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Finding Secrets...

One of the main advantages of SGX technology is that it cannot only protect against external attackers but also against internal attackers that have root access. We introduce a simple approach to demonstrate that your application is indeed running inside of an enclave and that its secrets are not accessible.


To ensure that your SCONE application runs inside of an enclave and to distribute secrets, please to use the SCONE configuration and attestation service.

To demonstrate how one can check that SGX/SCONE can protect against users with root access1, let's consider a simplistic example: we store some secret in a variable secret2. By default, binaries are not encrypted. Hence, do not store any secrets in a binary as it is done in this simplistic example.

Finding secret in simulation mode

If you really need to to protect your binaries - for example, since you have some legacy code with embedded secrets - SCONE can protect these secrets by permitting to encrypt shared libraries.


We use the SCONE crosscompiler image and start an container with access to the SGX device.We determine which SGX device to mount with function determine_sgx_device.

docker pull
docker run $MOUNT_SGXDEVICE -it

Let's create some program that stores a secret (MYBIGS) in a local variable secret:

cat > mysecret.c << EOF
#include <stdio.h>
#include <unistd.h>

const char *code_is_not_encrypted="THIS_IS_NOT_SECRET";

int main() {
    char secret[7];
    secret[0] ='M';
    secret[1] ='Y';
    secret[2] ='B';
    secret[3] ='I';
    secret[4] ='G';
    secret[5] ='S';
    secret[6] =0;
    printf("'%s' SECRET at %lx\n", secret, secret);
    printf("Kill with Ctrl-C.\n");
        sleep(1); // loop forever

Compile this program with the SCONE crosscompiler (i.e., gcc):

gcc -g -o mysecret mysecret.c

Simulation Mode

You can run this program in SIMULATION MODE, i.e., this program does not protect your secrets:


Log into a different terminal on your host. Let us figure out the process ID of the mysecret program:

SPID=$(ps -a | grep -v grep | grep mysecret | awk  '{print $1}')

Now, we can dump the memory of this process via the /proc filesystem. You can determine the different memory regions of your process via cat /proc/$SPID/maps and the memory is stored in /proc/$SPID/mem. We can use the following Python program to write all pages to stdout:

cat > << EOF
import sys, os, string, re

pid = sys.argv[1]
maps_file = open("/proc/%s/maps" % pid, 'r')
mem_file = open("/proc/%s/mem" % pid, 'r')

for line in maps_file.readlines():  # for each mapped region
    w=line.rsplit(None, 1)[-1] # last word
    if  w != "[vvar]" and w != "[vdso]" and w != "[vsyscall]" and w != "/dev/isgx" and w != "/dev/sgx":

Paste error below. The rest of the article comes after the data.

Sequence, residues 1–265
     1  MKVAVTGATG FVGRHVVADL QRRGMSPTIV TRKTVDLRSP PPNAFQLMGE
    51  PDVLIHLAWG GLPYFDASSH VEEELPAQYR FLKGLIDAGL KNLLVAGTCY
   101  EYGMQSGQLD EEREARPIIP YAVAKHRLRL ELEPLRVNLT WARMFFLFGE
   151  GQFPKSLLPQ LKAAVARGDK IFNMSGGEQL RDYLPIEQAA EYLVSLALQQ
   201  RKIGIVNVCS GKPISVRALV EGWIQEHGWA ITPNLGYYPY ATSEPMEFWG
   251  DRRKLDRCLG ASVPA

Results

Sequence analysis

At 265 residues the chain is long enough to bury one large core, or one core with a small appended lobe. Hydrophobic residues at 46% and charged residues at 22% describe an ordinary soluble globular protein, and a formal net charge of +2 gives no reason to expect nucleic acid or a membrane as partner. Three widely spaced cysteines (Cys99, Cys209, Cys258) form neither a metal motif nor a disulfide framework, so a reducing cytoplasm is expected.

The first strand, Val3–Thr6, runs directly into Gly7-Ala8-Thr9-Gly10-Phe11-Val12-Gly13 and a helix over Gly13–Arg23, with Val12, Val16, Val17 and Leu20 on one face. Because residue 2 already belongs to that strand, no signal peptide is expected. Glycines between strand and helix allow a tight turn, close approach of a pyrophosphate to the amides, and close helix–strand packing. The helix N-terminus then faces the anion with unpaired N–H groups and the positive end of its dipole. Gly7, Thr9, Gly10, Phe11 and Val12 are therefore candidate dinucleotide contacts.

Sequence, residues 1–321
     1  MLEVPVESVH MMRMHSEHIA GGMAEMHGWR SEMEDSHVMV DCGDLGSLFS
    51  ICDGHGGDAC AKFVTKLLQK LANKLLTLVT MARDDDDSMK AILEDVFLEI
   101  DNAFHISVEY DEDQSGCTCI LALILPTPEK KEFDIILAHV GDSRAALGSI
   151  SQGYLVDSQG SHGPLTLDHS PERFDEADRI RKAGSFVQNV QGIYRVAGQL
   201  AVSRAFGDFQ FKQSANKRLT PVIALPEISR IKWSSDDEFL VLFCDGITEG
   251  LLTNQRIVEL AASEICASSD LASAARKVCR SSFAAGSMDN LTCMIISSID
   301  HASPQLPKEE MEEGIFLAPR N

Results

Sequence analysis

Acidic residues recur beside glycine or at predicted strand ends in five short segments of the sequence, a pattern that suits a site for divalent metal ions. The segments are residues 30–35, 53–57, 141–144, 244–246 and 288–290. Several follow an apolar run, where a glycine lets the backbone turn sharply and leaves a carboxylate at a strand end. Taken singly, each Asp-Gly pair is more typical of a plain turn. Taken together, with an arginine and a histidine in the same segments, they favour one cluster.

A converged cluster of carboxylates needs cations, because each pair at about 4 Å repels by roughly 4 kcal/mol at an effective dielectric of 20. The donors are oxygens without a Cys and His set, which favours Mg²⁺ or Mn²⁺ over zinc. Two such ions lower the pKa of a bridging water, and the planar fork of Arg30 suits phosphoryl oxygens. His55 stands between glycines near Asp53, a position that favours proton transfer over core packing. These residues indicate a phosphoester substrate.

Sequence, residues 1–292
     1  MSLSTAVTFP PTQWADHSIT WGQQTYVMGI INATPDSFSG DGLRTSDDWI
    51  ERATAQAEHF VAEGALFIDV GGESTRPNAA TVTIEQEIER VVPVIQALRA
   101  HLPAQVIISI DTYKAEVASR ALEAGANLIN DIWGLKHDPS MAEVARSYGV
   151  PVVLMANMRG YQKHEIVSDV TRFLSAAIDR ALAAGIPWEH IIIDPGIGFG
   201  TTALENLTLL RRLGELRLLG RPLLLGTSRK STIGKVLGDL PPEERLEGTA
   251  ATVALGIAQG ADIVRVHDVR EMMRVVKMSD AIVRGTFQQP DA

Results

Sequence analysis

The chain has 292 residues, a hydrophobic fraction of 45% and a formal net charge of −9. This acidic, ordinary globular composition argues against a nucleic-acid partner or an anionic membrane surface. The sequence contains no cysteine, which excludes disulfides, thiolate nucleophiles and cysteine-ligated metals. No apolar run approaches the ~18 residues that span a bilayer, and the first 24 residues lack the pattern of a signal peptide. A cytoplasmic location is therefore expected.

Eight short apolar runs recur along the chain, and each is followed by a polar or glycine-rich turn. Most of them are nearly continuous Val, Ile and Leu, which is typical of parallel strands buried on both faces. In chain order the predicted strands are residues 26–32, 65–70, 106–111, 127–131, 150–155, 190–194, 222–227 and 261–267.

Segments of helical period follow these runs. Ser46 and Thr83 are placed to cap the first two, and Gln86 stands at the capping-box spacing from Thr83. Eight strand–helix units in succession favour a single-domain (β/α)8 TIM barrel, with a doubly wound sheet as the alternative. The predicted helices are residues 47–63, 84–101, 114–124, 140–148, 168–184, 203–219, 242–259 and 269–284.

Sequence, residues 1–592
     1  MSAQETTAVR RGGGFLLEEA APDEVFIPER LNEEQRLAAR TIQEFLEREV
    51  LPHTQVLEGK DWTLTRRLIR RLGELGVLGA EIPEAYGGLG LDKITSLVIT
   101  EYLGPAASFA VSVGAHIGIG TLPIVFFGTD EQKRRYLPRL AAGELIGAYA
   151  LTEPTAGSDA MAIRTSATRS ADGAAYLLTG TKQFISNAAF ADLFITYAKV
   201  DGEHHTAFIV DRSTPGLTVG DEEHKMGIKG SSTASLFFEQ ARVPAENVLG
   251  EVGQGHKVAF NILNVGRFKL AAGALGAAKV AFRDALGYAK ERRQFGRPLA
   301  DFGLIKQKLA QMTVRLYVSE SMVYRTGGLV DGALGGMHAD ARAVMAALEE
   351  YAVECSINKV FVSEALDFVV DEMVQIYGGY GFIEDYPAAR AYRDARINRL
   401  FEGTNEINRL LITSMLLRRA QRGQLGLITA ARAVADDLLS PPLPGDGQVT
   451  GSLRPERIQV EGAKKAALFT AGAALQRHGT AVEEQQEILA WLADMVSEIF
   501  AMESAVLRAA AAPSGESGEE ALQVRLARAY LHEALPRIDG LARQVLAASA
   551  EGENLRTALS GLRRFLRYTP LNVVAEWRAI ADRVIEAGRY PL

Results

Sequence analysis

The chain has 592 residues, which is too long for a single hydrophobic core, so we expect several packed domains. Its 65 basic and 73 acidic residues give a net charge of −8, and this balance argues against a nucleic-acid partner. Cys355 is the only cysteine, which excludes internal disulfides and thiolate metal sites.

m = re.match(r'([0-9A-Fa-f]+)-([0-9A-Fa-f]+) ([-r])', line)
        r += 1
        p = 0
        if == 'r':  # if this is a readable region
            start = int(, 16)
            end = int(, 16)
            while start < end:
            # seek to region start
                    chunk =  # read region contents
                    p += 1
                    if p > 1000:
                        sys.stderr.write("region = %02d, index=%x    \r" % (r,start))
                        p = 0
                    start += 4096

Enclaves in debug mode do not protect your secrets

If your enclave is in debug mode, one can access all secrets of the enclave. This scanner conveniently skips the enclave memory region using condition and w != "/dev/isgx" and .... Drop this condition and you should also find the secret. Run your program in production mode to ensure that one cannot access the secrets.

Run this program and grep for the prefix of our secret:

sudo python $SPID | strings -n 5 | grep MYBI

This will take some time but eventually it will print the full secret MYBIGS.

Hardware Mode

Let us now run the program in hardware mode. First, ensure that you kill the original program by typing control-C.

Finding secret in prerelease mode

Let's start mysecret in an enclave, i.e., in hardware mode inside the container:


Update environment variable SPID in a second terminal on your host:

SPID=$(ps -a | grep -v grep | grep mysecret | awk  '{print $1}')

and then try to find the secret:

sudo python $SPID | strings -n 5 | grep MYBI

This will run for much less time and in particular, it will not print any secrets.

Note, however, that secrets stored in the binaries can be found because the binary is not encrypted: a copy of the original binary - which is used to start the enclave - stays in main memory outside the enclave.

Let's look for the string THIS_IS_NOT_SECRET in our example application. We can find this secret as follows:

sudo python $SPID | strings -n 5 | grep THIS_IS_NOT_SECRET

  1. Note that the enclave runs in this example runs in debug mode, i.e., one can still attach to this enclave with scone-gdb. To prevent access via the debugger, you need to run your enclave in production mode

  2. Note that an adversary could analyse the binary and figure out the secret. The standard way to provide an enclave with secrets is to use SCONE CAS